How to install superperms
on openSUSE

superperms

Daniel Llewellyn (diddledan)
  • Daniel Llewellyn (diddledan)
  • Science

Search for minimal Super Permutations

Search for minimal Super Permutations as part of a distributed computing project. More information can be found in these videos:

This article (https://www.quantamagazine.org/sci-fi-writer-greg-egan-and-anonymous-math-whiz-advance-permutation-problem-20181105/) in Quanta magazine also explains.

The search is based upon these research papers:

This snap was created by the Ubuntu Podcast community. We would be grateful if you could join the "Ubuntu Podcast" collective for this search so we can "win", but this is optional. Please also give the Ubuntu Podcast a listen in your podcatcher or at the UbuntuPodcast Website (https://ubuntupodcast.org/), and maybe join The Ubuntu Podcast Telegram chatroom (https://ubuntupodcast.org/telegram/).

Statistics for the search and team leaderboard (http://www.supermutations.net/ChaffinMethodResults/).

To run with your team set to Ubuntu Podcast:

superperms team "Ubuntu Podcast"

The default team is "Anonymous".

You can tell the program to run for a specified number of minutes, after which it will wait to finish the current task before quitting:

superperms timeLimit 120 team "Ubuntu Podcast"

This would tell the program to run for 120 minutes and then quit, after it has finished its current task.

You can also enforce a stricter time limit, using the option timeLimitHard:

superperms timeLimitHard 120 team "Ubuntu Podcast"

With this the program will run for 120 minutes and quit, within about 5 minutes of that quota, even if it is in the middle of a task.

A single client will use one CPU core, so if you want to dedicate more CPU time to the search you need to run the client multiple times - the standard is to run one client per CPU core in your PC.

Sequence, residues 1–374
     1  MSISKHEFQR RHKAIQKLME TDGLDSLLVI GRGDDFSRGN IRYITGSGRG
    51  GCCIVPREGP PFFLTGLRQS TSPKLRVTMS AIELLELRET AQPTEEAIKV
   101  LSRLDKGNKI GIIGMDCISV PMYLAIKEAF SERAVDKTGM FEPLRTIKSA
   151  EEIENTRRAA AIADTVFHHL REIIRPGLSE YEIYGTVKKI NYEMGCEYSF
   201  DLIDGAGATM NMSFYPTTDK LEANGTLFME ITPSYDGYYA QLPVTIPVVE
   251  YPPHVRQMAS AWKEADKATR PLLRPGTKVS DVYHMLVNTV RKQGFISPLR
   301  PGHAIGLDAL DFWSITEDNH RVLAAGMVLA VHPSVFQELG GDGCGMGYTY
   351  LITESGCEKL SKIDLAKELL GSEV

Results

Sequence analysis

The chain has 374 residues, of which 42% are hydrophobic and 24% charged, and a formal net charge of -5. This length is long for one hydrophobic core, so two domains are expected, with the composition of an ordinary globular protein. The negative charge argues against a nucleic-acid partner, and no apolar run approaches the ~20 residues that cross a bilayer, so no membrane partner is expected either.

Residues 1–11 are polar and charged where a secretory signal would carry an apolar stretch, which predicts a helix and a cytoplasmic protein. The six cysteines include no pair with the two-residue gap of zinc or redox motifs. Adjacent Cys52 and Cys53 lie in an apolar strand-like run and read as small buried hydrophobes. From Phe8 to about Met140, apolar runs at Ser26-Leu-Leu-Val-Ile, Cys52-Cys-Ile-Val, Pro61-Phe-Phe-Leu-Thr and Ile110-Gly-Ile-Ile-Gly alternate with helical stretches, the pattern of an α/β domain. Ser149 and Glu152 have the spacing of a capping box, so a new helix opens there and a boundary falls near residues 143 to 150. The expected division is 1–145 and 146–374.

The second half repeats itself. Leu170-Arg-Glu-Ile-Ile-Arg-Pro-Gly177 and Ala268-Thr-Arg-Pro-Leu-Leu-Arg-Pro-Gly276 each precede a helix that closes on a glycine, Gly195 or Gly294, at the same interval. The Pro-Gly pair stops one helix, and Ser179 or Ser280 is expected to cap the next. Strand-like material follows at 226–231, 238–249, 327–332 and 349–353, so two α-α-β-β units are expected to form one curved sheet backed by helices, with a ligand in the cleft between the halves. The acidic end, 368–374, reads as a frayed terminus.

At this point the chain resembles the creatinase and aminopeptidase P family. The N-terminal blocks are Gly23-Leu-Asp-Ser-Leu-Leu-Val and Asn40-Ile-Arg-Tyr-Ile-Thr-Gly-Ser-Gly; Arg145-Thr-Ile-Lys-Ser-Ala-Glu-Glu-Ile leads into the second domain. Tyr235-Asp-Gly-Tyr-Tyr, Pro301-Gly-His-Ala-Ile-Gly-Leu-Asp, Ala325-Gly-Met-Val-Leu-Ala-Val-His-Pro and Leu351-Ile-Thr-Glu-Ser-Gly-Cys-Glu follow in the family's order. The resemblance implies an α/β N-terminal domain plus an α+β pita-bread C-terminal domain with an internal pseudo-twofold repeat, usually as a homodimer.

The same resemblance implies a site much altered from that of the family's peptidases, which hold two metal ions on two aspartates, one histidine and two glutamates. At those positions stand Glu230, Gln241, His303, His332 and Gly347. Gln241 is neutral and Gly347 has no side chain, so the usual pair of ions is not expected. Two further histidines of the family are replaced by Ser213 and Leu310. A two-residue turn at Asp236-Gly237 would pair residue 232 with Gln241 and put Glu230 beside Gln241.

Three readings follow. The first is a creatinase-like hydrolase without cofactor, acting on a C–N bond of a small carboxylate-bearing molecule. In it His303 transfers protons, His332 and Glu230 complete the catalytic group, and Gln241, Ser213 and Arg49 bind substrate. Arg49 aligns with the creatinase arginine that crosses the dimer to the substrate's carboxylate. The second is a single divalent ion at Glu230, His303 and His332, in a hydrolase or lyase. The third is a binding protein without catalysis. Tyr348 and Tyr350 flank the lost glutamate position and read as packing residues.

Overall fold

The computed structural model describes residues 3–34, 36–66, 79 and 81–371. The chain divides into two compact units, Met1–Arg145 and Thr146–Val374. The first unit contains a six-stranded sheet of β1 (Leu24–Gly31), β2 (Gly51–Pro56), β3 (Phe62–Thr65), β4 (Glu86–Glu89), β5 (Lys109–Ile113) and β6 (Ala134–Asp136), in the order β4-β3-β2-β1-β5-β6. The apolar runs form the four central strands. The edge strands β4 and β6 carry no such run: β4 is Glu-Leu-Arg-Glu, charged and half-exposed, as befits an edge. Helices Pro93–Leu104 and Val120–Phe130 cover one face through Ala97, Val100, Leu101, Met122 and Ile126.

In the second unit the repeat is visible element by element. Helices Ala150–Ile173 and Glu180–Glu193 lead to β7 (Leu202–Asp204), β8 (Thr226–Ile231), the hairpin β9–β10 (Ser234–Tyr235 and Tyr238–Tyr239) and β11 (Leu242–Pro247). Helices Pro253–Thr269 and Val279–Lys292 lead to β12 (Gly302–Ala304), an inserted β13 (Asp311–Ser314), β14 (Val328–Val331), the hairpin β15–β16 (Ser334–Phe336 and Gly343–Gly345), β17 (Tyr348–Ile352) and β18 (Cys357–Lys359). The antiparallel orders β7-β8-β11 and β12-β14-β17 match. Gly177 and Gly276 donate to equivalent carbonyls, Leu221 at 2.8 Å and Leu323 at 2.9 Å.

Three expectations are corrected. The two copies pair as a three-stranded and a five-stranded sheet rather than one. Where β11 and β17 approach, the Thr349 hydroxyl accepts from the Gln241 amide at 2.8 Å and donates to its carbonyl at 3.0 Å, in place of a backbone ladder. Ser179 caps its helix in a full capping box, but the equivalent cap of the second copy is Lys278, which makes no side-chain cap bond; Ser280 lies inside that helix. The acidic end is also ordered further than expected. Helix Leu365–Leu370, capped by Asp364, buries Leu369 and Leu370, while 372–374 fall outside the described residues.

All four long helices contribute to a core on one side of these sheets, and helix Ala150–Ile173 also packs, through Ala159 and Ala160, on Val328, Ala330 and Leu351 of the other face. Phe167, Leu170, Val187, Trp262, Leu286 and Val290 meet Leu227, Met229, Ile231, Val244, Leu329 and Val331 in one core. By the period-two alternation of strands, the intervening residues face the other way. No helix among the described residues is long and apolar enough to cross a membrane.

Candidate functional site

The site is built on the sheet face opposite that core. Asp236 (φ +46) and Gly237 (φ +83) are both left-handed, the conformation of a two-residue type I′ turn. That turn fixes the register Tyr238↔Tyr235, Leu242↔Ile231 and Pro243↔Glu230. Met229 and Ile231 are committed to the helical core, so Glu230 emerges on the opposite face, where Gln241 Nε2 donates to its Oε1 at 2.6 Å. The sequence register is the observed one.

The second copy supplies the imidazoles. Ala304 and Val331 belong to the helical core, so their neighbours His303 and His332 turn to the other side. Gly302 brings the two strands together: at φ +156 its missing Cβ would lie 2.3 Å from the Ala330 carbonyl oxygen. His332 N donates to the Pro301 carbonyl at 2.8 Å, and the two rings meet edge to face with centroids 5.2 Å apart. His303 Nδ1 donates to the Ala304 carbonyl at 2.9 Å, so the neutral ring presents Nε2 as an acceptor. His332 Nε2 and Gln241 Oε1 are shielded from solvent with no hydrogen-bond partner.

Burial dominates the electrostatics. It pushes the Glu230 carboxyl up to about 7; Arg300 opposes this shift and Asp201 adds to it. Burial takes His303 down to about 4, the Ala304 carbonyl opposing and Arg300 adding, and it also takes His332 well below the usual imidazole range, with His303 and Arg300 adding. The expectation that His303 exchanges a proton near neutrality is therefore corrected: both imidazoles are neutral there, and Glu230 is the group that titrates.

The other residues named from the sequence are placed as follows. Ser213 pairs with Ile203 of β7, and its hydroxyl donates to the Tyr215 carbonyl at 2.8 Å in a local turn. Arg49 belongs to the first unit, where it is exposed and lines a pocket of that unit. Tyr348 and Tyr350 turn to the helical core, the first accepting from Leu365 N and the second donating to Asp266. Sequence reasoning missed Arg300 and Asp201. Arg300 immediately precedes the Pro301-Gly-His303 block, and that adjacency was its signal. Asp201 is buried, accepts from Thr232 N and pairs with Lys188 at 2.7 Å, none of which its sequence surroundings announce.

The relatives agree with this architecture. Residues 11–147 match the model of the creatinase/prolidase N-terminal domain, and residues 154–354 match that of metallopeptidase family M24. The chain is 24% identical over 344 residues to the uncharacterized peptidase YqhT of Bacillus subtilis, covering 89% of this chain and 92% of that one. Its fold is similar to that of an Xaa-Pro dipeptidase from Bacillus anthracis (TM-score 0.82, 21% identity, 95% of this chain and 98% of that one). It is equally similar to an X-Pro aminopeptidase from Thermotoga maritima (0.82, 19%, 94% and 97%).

This app will eat batteries on a laptop or tablet computer so it is advisable not to run this on such devices if they are not plugged-into a stable power outlet. The search will also produce a lot of heat.

The source code for this client is on GitHub (https://github.com/superpermutators/superperm).

Ongoing discussion about the search is held in the Google Group (https://groups.google.com/forum/#!forum/superpermutators).

Details for superperms

License
AGPL-3.0
Last updated
13 September 2019

Enable snaps on openSUSE and install superperms

Snaps are applications packaged with all their dependencies to run on all popular Linux distributions from a single build. They update automatically and roll back gracefully.

Snaps are discoverable and installable from the Snap Store, an app store with an audience of millions.

Enable snapd

Snap can be installed from the command line on openSUSE Leap 42.3, Leap 15 and Tumbleweed.

You need first add the snappy repository from the terminal. Leap 15 users, for example, can do this with the following command:

Swap out openSUSE_Leap_15.0 for either openSUSE_Leap_42.3 or openSUSE_Tumbleweed if you’re using a different version of openSUSE.

With the repository added, import its GPG key:

Finally, upgrade the package cache to include the new snappy repository:

Snap can now be installed with the following:

You then need to either reboot, logout/login or source /etc/profile to have /snap/bin added to PATH. Additionally, enable and start both the snapd and the snapd.apparmor services with the following commands:

Tumbleweed users also need to run the following:

Install superperms

To install superperms, simply use the following command:

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